Do we really know what is in front of us
I heard this neat story the other day about a violinist who played for about 45 minutes in a busy subway during rush hour. During that time, only a handful of people stopped to listen or watch and of those, only a few applauded at the performance. For his time, the violinist only managed to raise about $30 in tips.
It was all part of an experiment.
You see, just a few days before that subway performance, that same musician had played to a sold out theater where tickets averaged $100 apiece. The man was Joshua Bell, a world-renowned violinist. The string instrument he played in the subway was worth $3.5 million.
As it was explained when I first heard about this, “the experiment proved that the extraordinary in an ordinary environment does not shine and is so often overlooked and undervalued... There are brilliantly talented people everywhere who aren’t receiving the recognition and reward they deserve. But once they arm themselves with value and confidence and remove themselves from an environment that isn’t serving them, they thrive and grow.”
Reading about the whole experiment got me to thinking on the concept of learning to appreciate where you live. Whether it’s in Day County or elsewhere, I believe there’s always something special to be found about where you live.
I was especially reminded of a couple years back when the South Dakota State University Department of Architecture students were in the area. After these out-of-towners had toured and scrutinized Webster’s business district with an outsider’s eye, they went on to describe the city with a high level of praise, calling it a “hidden gem.” Friends and family who have visited me since I moved here have always been impressed with the area, too. Within the last couple years, other newcomers who have moved to the community have described it as being like the picturesque “Mayberry.”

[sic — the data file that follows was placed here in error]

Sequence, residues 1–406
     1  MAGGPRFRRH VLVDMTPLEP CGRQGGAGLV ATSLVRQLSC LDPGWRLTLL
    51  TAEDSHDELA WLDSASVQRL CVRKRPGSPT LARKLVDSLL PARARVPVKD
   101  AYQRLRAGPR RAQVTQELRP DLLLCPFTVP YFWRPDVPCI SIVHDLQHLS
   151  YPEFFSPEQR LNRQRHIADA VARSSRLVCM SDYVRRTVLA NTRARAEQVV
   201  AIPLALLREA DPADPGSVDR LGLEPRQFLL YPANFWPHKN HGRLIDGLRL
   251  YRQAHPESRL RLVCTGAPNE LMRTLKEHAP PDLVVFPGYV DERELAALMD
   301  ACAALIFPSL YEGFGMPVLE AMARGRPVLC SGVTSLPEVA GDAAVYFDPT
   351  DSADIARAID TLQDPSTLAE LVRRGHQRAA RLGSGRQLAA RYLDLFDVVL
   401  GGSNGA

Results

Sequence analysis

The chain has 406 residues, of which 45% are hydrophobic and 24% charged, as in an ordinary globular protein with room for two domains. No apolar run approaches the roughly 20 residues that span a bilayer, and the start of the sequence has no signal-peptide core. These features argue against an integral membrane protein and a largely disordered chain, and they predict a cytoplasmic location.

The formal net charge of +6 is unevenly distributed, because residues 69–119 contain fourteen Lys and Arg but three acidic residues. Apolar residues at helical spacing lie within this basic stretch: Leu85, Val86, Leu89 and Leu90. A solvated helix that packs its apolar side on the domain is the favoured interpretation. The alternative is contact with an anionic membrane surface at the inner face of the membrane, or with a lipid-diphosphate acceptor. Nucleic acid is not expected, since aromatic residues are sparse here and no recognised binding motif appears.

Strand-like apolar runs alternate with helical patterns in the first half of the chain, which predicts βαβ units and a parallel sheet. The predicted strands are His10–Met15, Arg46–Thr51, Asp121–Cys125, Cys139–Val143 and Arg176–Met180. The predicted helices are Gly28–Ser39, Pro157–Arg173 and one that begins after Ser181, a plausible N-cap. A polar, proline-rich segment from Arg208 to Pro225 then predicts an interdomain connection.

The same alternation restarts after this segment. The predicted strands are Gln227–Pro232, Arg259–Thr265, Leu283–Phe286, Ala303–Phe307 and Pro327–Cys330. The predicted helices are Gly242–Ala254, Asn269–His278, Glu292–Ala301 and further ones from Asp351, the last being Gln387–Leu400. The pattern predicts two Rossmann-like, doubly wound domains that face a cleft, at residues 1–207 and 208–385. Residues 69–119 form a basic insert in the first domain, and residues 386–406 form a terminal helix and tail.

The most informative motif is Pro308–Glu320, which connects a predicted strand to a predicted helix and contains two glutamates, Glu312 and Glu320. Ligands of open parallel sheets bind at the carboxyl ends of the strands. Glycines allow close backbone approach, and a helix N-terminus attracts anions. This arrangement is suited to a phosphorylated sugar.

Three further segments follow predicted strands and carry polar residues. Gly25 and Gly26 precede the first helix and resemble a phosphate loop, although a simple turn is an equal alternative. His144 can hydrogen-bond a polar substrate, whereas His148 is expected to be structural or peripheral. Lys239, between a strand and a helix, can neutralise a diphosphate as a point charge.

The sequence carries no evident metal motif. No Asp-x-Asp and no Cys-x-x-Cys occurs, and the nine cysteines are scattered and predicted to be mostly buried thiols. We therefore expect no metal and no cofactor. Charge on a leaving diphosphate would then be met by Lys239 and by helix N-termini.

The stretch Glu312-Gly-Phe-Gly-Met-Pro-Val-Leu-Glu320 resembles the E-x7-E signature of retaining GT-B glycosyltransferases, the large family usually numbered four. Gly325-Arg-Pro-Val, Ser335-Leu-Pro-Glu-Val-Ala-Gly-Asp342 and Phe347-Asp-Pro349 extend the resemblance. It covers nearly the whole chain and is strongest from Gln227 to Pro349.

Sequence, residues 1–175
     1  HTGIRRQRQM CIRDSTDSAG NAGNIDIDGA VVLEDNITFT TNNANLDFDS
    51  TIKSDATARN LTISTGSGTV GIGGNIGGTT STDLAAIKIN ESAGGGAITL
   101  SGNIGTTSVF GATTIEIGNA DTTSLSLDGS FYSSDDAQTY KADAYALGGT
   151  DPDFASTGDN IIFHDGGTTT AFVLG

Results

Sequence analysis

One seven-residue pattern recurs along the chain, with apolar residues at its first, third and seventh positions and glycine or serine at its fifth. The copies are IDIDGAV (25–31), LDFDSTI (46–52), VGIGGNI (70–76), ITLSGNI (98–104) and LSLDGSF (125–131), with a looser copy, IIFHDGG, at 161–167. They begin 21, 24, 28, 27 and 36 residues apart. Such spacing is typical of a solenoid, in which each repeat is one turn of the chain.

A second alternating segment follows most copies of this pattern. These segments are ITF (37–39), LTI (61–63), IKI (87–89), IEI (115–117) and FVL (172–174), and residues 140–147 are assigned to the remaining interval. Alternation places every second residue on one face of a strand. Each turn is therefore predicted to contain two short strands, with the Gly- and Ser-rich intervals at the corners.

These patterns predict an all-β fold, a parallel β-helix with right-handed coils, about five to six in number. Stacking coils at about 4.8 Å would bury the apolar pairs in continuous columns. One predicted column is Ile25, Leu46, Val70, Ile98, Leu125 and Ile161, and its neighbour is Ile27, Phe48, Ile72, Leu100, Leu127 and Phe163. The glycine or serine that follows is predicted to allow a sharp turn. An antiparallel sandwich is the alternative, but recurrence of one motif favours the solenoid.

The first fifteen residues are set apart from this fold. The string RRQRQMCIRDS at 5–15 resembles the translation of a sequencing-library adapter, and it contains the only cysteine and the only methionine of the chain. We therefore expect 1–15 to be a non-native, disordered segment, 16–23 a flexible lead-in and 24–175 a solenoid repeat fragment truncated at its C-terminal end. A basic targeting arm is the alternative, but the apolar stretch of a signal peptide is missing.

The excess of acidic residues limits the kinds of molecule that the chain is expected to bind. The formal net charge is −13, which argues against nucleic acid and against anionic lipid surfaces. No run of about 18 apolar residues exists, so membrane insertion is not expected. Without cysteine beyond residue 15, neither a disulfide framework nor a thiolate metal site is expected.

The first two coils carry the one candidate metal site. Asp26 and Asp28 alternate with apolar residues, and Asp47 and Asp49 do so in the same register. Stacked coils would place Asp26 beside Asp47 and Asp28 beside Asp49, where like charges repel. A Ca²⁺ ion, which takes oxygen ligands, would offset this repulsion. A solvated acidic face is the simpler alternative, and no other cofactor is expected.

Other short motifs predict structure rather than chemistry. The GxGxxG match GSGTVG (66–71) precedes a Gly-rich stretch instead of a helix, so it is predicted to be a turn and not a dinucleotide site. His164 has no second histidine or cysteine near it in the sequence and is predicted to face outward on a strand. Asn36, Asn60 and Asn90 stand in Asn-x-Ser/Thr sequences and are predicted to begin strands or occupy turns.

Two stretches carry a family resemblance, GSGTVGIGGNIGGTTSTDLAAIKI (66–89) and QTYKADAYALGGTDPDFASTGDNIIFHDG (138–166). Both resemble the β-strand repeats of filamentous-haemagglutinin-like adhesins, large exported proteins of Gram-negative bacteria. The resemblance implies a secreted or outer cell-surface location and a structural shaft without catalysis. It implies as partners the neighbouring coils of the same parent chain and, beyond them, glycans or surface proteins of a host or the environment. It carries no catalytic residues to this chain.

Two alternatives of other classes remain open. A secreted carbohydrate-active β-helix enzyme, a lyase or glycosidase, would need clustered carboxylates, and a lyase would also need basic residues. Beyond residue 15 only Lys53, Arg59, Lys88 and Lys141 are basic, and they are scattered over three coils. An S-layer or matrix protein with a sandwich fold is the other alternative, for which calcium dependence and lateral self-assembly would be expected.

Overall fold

Yet, it seems like there tends to be this local perception that people are always looking for something different, like this area is sub-par. Maybe some folks just have a “the grass is always greener on the other side” type of syndrome going on. Even for myself, having lived here for a while now, I had to stop and think about what kinds of things I may be taking for granted.
Like the story of Bell in the subway, I think we all need to make sure we’re not overlooking the hidden gems about where we live. We need to have confidence in where we call home plus do what we can to help them thrive and grow.
Want to know the full story (and read the whole paper)? Subscribe!
Reporter & Farmer Important Links
Since 2001 Dewangen, Germany, and Webster, SD have been friendship cities, sharing cultures, students, and friendship. Come check it out!
This site has all the contact information for all the newspapers in South Dakota for easy reference
Subscription to Reporter & Farmer
Advertise in Reporter & Farmer
Like us on Facebook
Click here to see mobile version
© Copyright 2019 Reporter & Farmer